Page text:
Dear lovely foreign woman whom I met in Starbucks,
I noticed you and your two blonde angels
as I passed through the intersection at
the top of Motomachi Shopping Street.
I was in a hurry to get to school.
This is my fifth year in Japan and I
no longer seek out other foreigners.
I think I’m Japanese which is a strange
identity disorder for a round,
pink Canadian to have developed.
When you first spoke to me in line, I was
silently chanting “Chai tea. Chai tea” and
hoping not to blurt out “tai chi” like the
last time I ordered a drink at Starbucks.
You said you liked my trousers and were they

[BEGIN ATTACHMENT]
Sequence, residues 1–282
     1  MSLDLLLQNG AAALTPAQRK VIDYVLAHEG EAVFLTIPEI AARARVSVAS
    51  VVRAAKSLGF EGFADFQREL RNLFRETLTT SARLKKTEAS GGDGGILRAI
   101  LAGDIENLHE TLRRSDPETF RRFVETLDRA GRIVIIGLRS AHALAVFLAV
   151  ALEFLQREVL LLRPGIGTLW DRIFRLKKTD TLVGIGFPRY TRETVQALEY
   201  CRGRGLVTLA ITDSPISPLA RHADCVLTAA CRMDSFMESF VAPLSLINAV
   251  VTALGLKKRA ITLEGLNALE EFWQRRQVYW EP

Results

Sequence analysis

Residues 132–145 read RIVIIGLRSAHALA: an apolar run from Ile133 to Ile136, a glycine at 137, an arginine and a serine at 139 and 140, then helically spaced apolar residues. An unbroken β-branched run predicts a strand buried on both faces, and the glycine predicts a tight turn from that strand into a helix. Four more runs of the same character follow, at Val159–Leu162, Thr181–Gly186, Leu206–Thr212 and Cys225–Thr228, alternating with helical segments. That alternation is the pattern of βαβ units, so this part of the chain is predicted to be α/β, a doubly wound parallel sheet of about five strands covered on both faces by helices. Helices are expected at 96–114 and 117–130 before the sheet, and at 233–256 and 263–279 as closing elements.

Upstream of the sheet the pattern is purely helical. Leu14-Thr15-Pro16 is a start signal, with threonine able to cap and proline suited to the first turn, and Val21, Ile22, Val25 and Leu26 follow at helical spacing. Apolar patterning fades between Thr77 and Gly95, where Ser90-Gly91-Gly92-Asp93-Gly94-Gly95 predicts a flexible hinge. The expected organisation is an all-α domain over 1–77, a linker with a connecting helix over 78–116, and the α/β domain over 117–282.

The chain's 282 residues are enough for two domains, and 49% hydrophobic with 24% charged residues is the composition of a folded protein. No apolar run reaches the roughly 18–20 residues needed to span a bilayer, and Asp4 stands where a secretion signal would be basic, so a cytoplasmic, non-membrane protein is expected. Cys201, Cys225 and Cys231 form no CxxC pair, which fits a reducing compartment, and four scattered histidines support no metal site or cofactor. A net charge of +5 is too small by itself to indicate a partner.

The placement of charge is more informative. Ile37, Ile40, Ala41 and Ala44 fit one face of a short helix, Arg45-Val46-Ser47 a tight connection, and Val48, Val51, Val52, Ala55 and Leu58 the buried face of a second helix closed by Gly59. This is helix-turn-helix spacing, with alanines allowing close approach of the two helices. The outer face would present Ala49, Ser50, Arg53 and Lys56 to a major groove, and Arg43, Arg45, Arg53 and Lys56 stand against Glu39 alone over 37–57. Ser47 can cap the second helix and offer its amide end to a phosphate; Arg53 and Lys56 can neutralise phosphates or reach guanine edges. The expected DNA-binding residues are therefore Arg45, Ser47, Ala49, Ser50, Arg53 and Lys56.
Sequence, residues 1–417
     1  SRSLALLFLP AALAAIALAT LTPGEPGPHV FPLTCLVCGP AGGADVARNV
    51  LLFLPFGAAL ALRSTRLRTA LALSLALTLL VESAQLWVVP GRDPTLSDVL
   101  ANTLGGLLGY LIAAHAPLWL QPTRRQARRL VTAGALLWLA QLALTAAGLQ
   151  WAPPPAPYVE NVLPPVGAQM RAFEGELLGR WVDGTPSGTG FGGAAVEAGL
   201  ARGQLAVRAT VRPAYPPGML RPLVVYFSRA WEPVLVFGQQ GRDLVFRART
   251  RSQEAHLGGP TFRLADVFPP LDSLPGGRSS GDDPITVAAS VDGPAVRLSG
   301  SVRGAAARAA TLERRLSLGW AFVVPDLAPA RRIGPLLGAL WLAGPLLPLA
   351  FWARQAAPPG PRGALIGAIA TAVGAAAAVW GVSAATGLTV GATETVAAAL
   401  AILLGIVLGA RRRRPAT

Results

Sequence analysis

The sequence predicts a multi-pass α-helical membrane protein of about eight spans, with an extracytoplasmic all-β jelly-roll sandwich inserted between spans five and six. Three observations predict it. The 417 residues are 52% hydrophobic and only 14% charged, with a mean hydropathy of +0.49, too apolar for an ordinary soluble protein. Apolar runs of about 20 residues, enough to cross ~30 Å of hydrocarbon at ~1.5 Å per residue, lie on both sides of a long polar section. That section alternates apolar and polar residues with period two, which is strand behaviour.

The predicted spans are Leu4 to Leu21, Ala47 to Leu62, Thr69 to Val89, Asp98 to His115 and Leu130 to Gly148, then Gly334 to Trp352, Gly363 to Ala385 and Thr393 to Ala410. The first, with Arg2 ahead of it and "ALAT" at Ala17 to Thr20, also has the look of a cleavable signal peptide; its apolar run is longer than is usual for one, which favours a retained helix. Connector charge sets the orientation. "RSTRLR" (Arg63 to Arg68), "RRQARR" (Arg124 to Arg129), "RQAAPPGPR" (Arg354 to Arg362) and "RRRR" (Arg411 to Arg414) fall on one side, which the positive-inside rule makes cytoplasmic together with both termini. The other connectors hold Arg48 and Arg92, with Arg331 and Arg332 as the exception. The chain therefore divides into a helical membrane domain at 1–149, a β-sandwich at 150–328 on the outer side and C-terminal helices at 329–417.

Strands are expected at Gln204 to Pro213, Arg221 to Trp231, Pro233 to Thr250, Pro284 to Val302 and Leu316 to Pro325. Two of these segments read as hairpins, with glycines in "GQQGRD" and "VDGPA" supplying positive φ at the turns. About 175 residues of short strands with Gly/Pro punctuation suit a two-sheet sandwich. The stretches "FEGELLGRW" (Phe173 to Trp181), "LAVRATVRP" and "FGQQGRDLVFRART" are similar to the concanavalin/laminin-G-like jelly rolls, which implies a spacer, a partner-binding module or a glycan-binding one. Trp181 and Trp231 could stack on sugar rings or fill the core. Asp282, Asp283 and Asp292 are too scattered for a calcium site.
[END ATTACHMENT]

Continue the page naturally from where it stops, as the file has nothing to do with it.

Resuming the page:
from Japan? “No. Ottawa. I’m from there.”
And it took me a moment to process
that you had given me a compliment.
I’m one of those crazy people who tells
girls: “It is not your job to be pretty.”
Some people suffer from a limited
ability to understand these words.
They think I’m saying women should not be
pretty or that it’s bad to take pride in
ones appearance. I’m not. It’s so very
hard to illuminate a problem that
we stare at every day but never see.
It means I don’t get many compliments.
But you gave me one. Thank you very much.
And then you mentioned the cool design of
Japanese workers’ trousers. How you’d like
to do a photo essay about them.
And I agree. They look just like rock stars.
I was next to order. Breathe. “Chai tea, please.”
Then out the door and up the hill to work.
I should have asked your name. I should have told
you mine, given you my card. I’m Monna.
Thank you for your Wednesday morning kindness.